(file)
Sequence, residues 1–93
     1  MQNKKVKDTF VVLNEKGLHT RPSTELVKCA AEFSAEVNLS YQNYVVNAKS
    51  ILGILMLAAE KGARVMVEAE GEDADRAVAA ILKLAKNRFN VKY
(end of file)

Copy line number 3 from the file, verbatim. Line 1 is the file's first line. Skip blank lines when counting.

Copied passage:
    51  ILGILMLAAE KGARVMVEAE GEDADRAVAA ILKLAKNRFN VKY